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Thread: Occupy Everywhere - Sept 17th - Day of Rage Against Wall Street and what it stands for!

  1. #1071

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    Don't fuck with the banks seems to be the story here doesn't it.

    No info whatsoever on the alleged perps or what steps - if any - were taken by the FBI to arrest, interview or prosecute them. All very disturbing.
    The shadow is a moral problem that challenges the whole ego-personality, for no one can become conscious of the shadow without considerable moral effort. To become conscious of it involves recognizing the dark aspects of the personality as present and real. This act is the essential condition for any kind of self-knowledge.
    Carl Jung - Aion (1951). CW 9, Part II: P.14

  2. #1072

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    No doubt mirrored after the successful and unprosecuted preferred method of sniper killings in Dallas and Memphis in 1963 and 1968 respectively.

  3. #1073

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    Judge Lets FBI Hide Info on Alleged Murder Plot

    By CAMERON LANGFORD




    (CN) - The FBI was right to withhold records about an alleged murder plot targeting the leaders of Occupy Houston, to protect its informants, a federal judge ruled.
    Plaintiff Ryan Noah Shapiro is a doctoral student at the Massachusetts Institute of Technology. His research includes "the policing of dissent ... especially in the name of national security" and "examining FBI and other intelligence agency efforts to preserve domestic surveillance capabilities while simultaneously subverting the Freedom of Information Act," according to his MIT profile.
    Shapiro sent the FBI three Freedom of Information Act requests in early 2013, asking for records about "a potential plan to gather intelligence against the leaders of [Occupy Wall Street-related protests in Houston] and obtain photographs, then formulate a plan to kill the leadership [of the protests] via suppressed sniper rifles."
    Shapiro told Courthouse News he learned of the alleged plot from FBI documents obtained by investigative reporter Jason Leopold.
    The Houston group is an offshoot of a movement that started in New York City in 2011 and focused on the widening income gap between America's richest people and everyone else.
    Shapiro said he wanted the records for his doctorate work and he intended to release urgent info about Occupy Houston to the public.
    The FBI found 17 pages of pertinent records and gave Shapiro five, with some information redacted.
    Unsatisfied with the response, Shapiro sued the FBI in April 2013.
    In a March 2014 order , U.S. District Judge for the District of Columbia Rosemary Collyer found the FBI had properly withheld some records, but took issue with its use of Exemption 7 under the FOIA, which protects from disclosure "records or information compiled for law enforcement purposes."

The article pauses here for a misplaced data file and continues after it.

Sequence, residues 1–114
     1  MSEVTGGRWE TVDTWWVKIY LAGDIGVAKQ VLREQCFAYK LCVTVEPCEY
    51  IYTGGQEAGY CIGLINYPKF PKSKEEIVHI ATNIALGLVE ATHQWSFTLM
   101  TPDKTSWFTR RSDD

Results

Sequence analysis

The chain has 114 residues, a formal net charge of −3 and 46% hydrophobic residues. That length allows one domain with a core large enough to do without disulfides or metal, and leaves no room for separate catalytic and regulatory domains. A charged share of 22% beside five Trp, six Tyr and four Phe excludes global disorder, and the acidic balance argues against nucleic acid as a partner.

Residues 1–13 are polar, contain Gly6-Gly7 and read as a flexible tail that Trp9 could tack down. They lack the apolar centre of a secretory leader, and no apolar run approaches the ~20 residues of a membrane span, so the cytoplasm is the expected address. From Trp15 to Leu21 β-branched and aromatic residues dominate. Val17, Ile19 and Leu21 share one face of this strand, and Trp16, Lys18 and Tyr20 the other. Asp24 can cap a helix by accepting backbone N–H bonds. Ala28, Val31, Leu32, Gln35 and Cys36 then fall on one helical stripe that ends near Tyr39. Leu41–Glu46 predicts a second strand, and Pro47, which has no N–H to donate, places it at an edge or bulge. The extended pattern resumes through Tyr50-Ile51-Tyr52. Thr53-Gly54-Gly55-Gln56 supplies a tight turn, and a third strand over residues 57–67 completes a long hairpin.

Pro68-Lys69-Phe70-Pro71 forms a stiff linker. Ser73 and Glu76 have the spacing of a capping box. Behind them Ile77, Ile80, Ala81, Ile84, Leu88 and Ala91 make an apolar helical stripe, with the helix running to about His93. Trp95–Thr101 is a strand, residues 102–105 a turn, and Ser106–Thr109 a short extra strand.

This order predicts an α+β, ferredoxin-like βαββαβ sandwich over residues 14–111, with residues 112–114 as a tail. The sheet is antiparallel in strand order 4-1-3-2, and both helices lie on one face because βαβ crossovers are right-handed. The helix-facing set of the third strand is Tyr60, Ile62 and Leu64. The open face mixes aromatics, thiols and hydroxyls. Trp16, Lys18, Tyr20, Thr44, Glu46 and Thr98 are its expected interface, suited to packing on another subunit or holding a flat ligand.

Collyer dismissed the lawsuit on Feb. 2 after reviewing the documents in her chambers.
    Shapiro challenged the FBI's withholding of the names of its murder plot sources, claiming there is no privacy expectation for people who could be called to testify as trial witnesses.
    But Collyer found the FBI correctly invoked FOIA exemption 7(c), which shields law enforcement records from disclosure if they could constitute an invasion of personal privacy.
    The judge also agreed with the FBI that exemption 7(d) applied to the case. It allows records to be withheld if they "could reasonably be expected to disclose the identity of a confidential source."
    Citing a declaration from FBI agent David Hardy that said the confidential sources are "individuals who are members of organized violent groups," Collyer said the likelihood of retaliation justified keeping the sources' identities under wraps.
    Shapiro vowed to keep fighting for the records.
    "I'm of course disappointed in, and disagree with, the judge's ruling. I'm now conferring with my attorney to determine next steps," Shapiro said in an email.
    He said he is concerned that the FBI collected dossiers on Occupy protestors while publicly denying it.
    "The FBI even flatly asserted in a separate FOIA lawsuit of mine that, '(T)he FBI determined that it had never opened an investigation on the Occupy movement,'" Shapiro wrote.
    "Yet, in the course of my FOIA lawsuit against the FBI for records about the sniper plot against Occupy Houston, the FBI contradicted its own position."
    Shapiro said that with recently released FBI documents about Occupy Chicago, "We are coming ever closer to finally forcing the FBI to concede it actually possesses a large volume of documents about this FBI-coordinated nationwide investigation of political protesters as supposed terroristic threats to national security."